Tuesday, November 1, 2011 at 8:09 AM
Prime Minister George Papandreou wants the Greek people to vote on the bailout. There have been protests and anger, though, about the austerity measures that come with the aid. A "no" vote could cause a Greek default.
"Markets plunged Tuesday on fears that Europe's plan to save the euro was already unraveling after the shock decision by Greek Prime Minister to call a referendum on the country's latest rescue," The Associated Press writes.
Stocks are down in European trading and the futures indexes point to a drop when markets open in New York, Bloomberg News says.
The Wall Street Journal writes that Greek Prime Minister George Papandreou is making "a high-stakes gamble that could undermine the international effort to preserve the euro." It reports that:
"A 'yes' vote in the referendum could deflate the massive street protests and strikes that threaten to paralyze Greece as it tries to enact a brutal austerity program to earn rescue loans from the euro zone and the International Monetary Fund. A 'no' vote, however, could bring down the government and cut off international funding for Greece, leaving the country facing a financial meltdown."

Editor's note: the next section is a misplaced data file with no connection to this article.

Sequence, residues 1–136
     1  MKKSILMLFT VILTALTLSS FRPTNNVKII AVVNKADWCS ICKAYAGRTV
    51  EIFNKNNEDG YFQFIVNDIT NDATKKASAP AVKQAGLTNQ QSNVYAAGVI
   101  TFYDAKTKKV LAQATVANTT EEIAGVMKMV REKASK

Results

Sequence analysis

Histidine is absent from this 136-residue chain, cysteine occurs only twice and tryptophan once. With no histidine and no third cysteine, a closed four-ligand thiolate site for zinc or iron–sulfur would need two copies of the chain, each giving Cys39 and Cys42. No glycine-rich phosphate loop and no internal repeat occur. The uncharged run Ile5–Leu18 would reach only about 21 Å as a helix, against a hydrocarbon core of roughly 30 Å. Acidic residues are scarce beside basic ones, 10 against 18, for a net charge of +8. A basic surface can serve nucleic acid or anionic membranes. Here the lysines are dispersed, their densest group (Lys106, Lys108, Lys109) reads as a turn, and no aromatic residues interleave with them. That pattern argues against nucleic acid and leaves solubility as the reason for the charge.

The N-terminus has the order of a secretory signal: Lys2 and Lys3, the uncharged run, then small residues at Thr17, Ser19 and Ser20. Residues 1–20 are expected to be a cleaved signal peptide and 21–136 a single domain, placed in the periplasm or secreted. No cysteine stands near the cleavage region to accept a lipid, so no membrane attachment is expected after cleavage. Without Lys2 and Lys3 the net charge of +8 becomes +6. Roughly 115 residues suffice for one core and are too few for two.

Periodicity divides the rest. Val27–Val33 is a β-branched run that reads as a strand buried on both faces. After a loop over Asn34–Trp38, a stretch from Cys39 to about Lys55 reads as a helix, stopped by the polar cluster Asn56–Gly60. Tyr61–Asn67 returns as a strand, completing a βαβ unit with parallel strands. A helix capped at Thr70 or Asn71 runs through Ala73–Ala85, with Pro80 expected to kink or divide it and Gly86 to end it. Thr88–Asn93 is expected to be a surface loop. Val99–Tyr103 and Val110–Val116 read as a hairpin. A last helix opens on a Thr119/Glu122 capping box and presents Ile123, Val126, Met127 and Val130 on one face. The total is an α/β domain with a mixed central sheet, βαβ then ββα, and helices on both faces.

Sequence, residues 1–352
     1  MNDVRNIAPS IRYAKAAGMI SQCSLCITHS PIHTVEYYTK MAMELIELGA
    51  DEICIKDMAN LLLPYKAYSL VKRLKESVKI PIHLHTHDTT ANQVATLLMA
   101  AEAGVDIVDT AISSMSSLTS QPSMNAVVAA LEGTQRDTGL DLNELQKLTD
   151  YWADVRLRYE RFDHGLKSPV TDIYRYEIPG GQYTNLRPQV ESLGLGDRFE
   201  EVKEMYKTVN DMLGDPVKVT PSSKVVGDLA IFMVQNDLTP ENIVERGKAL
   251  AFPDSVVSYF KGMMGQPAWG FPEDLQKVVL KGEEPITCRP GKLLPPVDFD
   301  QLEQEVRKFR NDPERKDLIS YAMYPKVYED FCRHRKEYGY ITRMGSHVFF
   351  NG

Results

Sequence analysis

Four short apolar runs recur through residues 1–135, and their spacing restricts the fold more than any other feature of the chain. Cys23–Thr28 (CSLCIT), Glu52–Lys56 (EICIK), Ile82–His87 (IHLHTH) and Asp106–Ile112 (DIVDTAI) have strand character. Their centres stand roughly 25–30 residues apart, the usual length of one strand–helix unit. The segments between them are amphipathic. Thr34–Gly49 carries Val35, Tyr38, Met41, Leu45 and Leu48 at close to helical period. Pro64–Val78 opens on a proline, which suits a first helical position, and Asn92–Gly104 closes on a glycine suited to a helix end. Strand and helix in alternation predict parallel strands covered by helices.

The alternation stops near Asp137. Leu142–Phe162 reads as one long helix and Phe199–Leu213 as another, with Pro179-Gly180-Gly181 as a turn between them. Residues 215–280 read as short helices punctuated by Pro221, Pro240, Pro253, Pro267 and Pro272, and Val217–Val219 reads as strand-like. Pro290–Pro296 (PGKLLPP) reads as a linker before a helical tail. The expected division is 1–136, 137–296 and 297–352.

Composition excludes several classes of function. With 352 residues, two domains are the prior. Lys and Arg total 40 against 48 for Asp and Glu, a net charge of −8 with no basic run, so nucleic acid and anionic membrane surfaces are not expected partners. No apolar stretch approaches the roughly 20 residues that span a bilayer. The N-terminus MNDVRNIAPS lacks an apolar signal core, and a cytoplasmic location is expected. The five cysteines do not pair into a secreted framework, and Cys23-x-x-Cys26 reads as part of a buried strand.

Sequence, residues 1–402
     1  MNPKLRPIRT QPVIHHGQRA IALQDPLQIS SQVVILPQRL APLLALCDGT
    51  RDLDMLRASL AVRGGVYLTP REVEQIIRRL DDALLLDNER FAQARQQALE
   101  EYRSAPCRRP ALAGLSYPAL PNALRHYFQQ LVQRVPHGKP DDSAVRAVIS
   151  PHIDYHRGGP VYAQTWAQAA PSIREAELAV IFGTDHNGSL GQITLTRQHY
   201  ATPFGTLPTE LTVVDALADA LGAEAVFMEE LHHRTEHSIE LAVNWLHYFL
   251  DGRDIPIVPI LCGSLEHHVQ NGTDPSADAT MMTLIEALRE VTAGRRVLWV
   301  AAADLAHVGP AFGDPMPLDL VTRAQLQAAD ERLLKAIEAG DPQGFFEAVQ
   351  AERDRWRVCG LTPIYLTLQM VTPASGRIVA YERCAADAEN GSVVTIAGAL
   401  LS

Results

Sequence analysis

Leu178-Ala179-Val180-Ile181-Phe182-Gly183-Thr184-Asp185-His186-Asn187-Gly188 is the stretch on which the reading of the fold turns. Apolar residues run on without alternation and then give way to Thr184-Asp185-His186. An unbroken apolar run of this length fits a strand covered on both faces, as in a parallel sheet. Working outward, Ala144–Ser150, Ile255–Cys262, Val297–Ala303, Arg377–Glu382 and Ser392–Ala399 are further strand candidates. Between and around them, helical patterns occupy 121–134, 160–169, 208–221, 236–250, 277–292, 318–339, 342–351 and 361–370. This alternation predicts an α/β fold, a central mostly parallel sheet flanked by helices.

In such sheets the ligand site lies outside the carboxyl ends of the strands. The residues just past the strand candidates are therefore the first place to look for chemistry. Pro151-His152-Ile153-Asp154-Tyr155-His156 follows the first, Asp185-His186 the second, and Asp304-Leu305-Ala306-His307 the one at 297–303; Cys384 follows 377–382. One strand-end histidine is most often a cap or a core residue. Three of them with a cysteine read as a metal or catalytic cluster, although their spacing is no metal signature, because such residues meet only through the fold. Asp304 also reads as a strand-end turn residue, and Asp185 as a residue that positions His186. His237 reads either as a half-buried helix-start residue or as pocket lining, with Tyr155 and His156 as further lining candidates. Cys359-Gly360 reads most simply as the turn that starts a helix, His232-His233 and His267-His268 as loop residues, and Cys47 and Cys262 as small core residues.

As the BBC adds, "there is also concern that the referendum would be unlikely to take place before January, which would create months of uncertainty for the markets."
Reuters says "European politicians complained that Athens was trying to wriggle out of the rescue deal agreed only last week, concerned not so much about the fate of Greece as the possibly dire consequences for the entire currency union." [Copyright 2011 National Public Radio]
This article is filed in: Economy, News, World News
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